That followed a protest at the San Diego County Board of Supervisors meeting Aug. 17 that drew about 300 demonstrators and more than 100 speakers, most of whom assailed state and local restrictions initiated in response to the pandemic.

And last month, area parents group Let Them Breathe filed a lawsuit against the state seeking to end the mask mandate for schools. The group argues that masks can harm children’s social, mental and physical health and should be a choice for families, not a requirement.

Katherine Nguyen Williams, a UC San Diego psychiatry professor, says putting feelings into words can help reduce anxiety.
(Courtesy of Katherine Nguyen Williams)

Katherine Nguyen Williams, a professor of psychiatry in the UCSD School of Medicine, said that in preparing to send their children back to school, parents should familiarize themselves with the latest school guidelines on masks and physical distancing and communicate those expectations to their kids.

“When kids are prepared and they know what they’re walking into, they’re less anxious when things happen,” Nguyen Williams said. “Things are more predictable for them.”

She encourages parents to have their children get used to wearing masks for many hours a day, since many will not have done so over the summer or at all if they opted for online-only instruction last school year.

Nguyen Williams said parents should watch for “the red flags of anxiety” in children — “avoiding what ... they’re fearful of.”

She said students may “have a challenging time putting their feelings into language,” so they may instead avoid school or anxiety-inducing situations such as lunchtime or a specific class. The anxiety may be exhibited in “somatic sensations” such as a headache or stomachache, she said.

“If you give in to that,” Nguyen Williams said, “it actually increases anxiety.” She said parents need to talk to their children about “what’s happening during that time period that [they’re] avoiding so that we can address what it is that’s anxiety-provoking ... to help [them] feel better.”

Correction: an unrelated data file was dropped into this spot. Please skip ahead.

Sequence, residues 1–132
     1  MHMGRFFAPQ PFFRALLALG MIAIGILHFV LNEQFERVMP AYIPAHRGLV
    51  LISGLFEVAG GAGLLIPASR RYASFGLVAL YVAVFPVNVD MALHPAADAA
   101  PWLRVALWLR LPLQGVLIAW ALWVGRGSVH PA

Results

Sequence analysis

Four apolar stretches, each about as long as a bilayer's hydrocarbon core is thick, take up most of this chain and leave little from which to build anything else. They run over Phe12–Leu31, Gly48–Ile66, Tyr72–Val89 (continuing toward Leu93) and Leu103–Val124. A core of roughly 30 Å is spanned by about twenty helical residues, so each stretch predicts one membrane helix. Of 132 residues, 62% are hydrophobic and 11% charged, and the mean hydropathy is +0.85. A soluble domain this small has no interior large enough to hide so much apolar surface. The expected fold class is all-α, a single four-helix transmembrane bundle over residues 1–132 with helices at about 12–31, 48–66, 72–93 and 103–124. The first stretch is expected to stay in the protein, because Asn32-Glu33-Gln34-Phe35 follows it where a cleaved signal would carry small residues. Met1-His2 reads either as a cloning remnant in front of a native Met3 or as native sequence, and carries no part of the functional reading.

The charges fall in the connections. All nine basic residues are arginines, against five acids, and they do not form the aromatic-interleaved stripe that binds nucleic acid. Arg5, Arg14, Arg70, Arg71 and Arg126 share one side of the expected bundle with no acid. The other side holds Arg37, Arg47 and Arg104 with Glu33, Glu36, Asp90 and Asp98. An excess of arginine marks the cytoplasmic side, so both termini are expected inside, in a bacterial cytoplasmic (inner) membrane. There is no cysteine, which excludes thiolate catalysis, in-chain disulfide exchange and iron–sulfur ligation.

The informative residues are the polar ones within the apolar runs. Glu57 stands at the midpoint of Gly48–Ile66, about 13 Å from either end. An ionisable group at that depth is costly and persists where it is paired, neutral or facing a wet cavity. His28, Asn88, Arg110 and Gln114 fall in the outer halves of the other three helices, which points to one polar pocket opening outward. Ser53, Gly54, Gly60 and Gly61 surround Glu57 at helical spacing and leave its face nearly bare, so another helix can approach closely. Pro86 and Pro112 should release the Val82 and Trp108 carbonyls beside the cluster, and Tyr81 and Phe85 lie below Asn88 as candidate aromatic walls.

Nguyen Williams, a mother of four children at public schools in La Jolla, suggests regular conversations with kids to help them “put their feelings into words,” which will decrease anxiety.

“You can model that for them,” she said. “You can say as a parent, ‘I know I’m feeling a little bit nervous about school opening back up and you’re going to be gone all day at school and one of the things that I can do to help myself feel better is take some deep breaths. ... I talked to your teacher and she’s really excited to see you.’

“You’re modeling, ‘Yes, I get anxious, too, and this is what I do to help manage my anxiety.’”

“One of the challenging aspects of this pandemic is that some parents have responded differently to mandated mitigation measures,” Nguyen Williams said. “For example, while most are following [Centers for Disease Control and Prevention] guidelines regarding masking, some parents have disagreed and are pushing to keep their children unmasked at schools. This can become a source of distress and anxiety for children on either side when they attend school together.

“The best way to prevent this added stress in the school environment is to let your children know that regardless of their personal values at home, when they attend school, they need to follow the school community’s rules.”

Nguyen Williams also encourages parents to reach out to others in the same school community “to empathize and get answers together.”

“Humans are social creatures,” she said. “So having somebody else to reflect back your own thoughts and your own feelings and having that shared experience can help you manage your own anxiety.”

— San Diego Union-Tribune staff writer Deborah Sullivan Brennan contributed to this report.